A: A lot of the improvements you mentioned, I love the connection of why they were improved has a narrative focus. Adam Jensen [has] a different perspective this time around. Not only is the character different, but the way that the character interacts with the world is different. A lot of games don’t really give you a reason why things have changed. We haven’t spoke to the narrative yet about Mankind Divided, what exactly is the mechanical apartheid?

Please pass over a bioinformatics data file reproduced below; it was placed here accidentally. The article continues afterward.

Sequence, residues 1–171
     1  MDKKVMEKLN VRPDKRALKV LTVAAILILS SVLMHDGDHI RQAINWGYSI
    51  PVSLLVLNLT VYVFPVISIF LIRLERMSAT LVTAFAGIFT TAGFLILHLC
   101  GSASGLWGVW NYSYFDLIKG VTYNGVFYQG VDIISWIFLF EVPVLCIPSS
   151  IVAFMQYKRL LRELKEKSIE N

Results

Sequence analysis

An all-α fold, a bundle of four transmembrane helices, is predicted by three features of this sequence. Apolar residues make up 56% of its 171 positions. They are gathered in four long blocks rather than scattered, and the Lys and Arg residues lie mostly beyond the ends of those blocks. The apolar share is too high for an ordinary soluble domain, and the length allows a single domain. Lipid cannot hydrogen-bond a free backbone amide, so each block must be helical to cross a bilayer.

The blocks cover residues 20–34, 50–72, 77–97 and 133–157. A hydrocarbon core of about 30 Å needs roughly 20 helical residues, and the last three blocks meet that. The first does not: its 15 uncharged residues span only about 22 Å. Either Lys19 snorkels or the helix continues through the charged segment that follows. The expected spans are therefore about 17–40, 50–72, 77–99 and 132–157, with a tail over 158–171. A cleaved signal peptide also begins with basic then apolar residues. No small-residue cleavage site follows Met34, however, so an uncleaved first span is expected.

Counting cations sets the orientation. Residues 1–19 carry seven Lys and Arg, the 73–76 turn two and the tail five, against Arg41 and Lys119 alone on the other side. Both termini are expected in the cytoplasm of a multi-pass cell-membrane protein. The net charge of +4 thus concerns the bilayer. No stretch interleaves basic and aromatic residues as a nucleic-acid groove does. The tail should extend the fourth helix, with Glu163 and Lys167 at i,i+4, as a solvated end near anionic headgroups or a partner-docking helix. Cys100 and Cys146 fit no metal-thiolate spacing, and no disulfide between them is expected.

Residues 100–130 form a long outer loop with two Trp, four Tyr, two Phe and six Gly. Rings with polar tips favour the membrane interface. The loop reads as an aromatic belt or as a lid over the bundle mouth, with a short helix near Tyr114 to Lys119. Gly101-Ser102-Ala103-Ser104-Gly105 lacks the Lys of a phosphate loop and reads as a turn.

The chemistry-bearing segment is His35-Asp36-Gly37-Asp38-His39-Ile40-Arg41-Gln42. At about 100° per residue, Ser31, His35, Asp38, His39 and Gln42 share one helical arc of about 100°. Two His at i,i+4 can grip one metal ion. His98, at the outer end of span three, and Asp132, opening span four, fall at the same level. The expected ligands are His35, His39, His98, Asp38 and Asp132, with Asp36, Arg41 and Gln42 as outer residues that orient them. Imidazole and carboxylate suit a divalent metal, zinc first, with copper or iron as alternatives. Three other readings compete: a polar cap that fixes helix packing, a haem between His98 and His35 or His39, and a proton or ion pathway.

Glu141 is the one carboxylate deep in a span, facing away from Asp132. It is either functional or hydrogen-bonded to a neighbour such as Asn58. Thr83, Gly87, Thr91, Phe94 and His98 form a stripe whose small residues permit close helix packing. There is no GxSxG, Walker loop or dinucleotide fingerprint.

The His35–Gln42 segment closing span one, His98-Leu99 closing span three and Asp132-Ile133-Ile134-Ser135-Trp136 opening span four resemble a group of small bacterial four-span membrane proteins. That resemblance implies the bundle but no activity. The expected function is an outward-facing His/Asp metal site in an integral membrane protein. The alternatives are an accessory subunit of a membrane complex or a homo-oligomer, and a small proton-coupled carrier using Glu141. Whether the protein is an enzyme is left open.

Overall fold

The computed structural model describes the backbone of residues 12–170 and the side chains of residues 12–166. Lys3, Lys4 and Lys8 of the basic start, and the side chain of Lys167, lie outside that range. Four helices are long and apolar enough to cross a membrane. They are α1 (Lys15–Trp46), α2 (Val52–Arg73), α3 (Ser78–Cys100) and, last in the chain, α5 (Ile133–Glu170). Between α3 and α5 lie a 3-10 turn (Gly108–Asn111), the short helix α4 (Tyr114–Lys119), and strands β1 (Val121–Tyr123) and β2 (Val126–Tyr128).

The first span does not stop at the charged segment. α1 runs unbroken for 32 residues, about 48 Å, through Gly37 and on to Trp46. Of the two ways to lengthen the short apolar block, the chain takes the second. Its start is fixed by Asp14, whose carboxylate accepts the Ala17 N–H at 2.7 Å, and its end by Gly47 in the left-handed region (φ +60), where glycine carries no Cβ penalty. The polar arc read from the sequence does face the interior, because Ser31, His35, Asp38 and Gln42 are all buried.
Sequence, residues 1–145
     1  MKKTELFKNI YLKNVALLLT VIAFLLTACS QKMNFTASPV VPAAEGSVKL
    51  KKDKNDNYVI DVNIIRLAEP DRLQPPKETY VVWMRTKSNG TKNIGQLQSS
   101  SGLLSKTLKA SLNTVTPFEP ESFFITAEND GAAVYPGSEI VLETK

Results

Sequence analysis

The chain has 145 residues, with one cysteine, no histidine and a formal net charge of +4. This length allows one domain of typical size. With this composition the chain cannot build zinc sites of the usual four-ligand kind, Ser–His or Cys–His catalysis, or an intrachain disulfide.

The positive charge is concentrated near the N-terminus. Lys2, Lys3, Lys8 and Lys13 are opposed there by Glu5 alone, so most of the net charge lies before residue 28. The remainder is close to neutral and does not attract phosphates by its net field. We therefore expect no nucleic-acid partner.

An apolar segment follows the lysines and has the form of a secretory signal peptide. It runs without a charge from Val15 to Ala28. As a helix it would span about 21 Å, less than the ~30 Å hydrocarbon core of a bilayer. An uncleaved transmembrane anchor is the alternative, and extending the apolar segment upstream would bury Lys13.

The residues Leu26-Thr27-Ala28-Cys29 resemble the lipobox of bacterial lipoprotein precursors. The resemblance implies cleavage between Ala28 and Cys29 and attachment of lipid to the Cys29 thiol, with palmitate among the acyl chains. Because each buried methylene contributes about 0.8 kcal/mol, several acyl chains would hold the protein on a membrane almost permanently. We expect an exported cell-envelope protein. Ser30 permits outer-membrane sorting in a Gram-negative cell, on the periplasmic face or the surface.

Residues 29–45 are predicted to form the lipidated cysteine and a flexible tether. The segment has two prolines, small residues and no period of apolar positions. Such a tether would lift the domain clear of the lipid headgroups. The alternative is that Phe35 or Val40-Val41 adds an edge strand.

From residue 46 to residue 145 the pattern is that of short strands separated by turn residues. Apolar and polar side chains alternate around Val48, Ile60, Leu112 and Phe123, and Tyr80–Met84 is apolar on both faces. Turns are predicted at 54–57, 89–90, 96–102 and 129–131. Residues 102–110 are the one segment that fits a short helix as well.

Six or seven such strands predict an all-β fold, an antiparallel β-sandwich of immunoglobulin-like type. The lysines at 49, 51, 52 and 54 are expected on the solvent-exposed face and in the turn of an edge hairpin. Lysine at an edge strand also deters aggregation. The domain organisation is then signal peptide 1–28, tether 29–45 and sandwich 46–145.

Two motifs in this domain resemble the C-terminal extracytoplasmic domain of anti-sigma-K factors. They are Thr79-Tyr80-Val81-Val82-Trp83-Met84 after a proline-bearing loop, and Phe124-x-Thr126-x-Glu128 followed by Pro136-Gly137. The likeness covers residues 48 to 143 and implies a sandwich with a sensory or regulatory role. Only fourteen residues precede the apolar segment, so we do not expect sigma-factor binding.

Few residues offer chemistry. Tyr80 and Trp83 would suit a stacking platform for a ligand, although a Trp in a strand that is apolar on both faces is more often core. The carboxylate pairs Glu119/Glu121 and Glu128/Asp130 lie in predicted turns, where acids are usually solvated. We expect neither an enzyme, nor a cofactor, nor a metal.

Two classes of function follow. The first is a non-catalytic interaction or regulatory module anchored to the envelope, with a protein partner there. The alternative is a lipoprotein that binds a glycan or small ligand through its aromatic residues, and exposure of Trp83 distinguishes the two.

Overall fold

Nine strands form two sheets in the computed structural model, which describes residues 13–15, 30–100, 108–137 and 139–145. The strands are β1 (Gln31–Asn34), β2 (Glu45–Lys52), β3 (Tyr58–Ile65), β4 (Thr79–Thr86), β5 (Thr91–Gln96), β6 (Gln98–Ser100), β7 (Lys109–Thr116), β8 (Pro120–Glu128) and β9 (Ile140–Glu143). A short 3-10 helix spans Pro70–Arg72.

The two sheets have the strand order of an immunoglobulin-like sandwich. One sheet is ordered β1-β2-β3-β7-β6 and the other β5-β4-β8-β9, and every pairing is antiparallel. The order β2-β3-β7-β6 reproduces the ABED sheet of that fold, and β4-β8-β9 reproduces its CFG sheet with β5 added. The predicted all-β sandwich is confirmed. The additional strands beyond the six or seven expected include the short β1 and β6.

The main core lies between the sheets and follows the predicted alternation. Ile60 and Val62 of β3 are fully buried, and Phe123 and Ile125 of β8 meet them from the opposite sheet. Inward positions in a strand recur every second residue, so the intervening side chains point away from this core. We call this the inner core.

J: First, it’s a term just to invoke an idea in the minds of people because we’re talking about segregation. It’s a world two years after the events of Human Revolution. At the end of the last game, someone tried to control augmented citizens in the world, he perverted the chip that was installed in them and they all went into frenzy where they had hallucinations, started to kill, have accidents, millions of people died. In Mankind Divided, two years after those events, and the dust is barely starting to settle; now you have a world that is reacting to that event in a very dramatic fashion. As we can see in real life when something bad happens, you always have the black or white kind of mentality, “this is totally bad,” or, “this is totally good.” There’s no gray zone, there’s no in between. Now it’s a world where it’s trying recollect itself and now you see augmented people as a danger for society, what tells us the events of the last game is not going to happen again? Places in the world are starting to have more repressive laws, racism is getting stronger; people are not trusting augmented people, wanting to put them in ghettos and make sure laws are passed so they are not a danger. On the other end, you have some augmented citizens that are being oppressed. Some of them might go into extreme measures, things like that. It can go on both sides of the conflict, in the end, it’s a world where people don’t understand each other anymore, and they’re demonizing a part of society therefore they’re trying to put them in ghettos and things like that. Basically, mechanical apartheid is just to express that idea in a very short fashion, not like the explanation I just gave you. *laughs*